Hackers are increasingly targeting health-care institutions and threatening people’s well-being as their software attacks get more sophisticated and brazen.

Ransomware attacks, in which hackers cripple a software system until they receive a bounty, have surged this year, along with financial demands, security experts say. The attacks have been around for decades but have flourished as society has become more dependent on technology. Other factors include the rise of the cryptocurrency bitcoin, more advanced hacking techniques and, some say, the widespread adoption of cyber insurance.

“The trend has been going up for a while, but in 2020 it has just been skyrocketing,” said Dmitri Alperovitch, the chairman of Silverado Policy Accelerator, a nonprofit think tank focused on cybersecurity.

Hackers have expanded their targets to include health-care companies. This week, one of the nation’s largest hospital chains, Universal Health Services Inc., diverted ambulances from some facilities after a crippling ransomware attack. It said the outage didn’t harm patients, but systems used for medical records, laboratories and pharmacies were offline at about 250 of the company’s U.S. facilities.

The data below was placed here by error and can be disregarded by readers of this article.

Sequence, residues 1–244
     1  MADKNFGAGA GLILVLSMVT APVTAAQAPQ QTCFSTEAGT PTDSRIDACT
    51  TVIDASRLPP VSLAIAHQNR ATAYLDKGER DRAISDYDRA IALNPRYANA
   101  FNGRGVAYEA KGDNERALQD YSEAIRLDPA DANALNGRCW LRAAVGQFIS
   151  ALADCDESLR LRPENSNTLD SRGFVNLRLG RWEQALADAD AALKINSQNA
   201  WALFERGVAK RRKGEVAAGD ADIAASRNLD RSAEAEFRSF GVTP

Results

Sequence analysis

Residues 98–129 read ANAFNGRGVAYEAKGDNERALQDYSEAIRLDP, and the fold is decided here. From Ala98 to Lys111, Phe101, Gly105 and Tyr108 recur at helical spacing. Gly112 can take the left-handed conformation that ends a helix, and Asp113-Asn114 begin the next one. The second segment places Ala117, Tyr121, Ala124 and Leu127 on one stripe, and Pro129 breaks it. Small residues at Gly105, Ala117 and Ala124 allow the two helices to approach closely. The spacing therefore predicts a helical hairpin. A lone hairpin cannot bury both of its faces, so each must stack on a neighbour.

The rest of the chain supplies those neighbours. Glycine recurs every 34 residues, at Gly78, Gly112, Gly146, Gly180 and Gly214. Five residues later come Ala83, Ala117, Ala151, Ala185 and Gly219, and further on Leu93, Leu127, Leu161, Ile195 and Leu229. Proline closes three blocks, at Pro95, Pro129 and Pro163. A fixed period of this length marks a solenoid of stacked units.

The attack occurred Sunday morning, and the Universal Health’s network remained offline Wednesday, though priority systems such as email and clinical operations systems were being restored gradually across the country, the company said.

In a separate incident in Germany, prosecutors have launched an investigation after a woman died earlier this month when her ambulance was diverted from University Hospital Düsseldorf in the country’s North Rhine-Westphalia state.

A ransomware attack hit the hospital on Sept. 10, shutting down computer systems and forcing it to reroute ambulances away from its emergency room for 13 days. IT systems there are still recovering, hospital spokesman Tobias Pott said Tuesday.

Attacks on medical facilities are worrying because delays in patient care have been directly linked to patient harm, said Joshua Corman, a senior adviser at the Department of Homeland Security’s Cybersecurity and Infrastructure Security Agency. “We’ve had a growing concern that this degraded and delayed patient care would lead to a demonstrable loss of life.”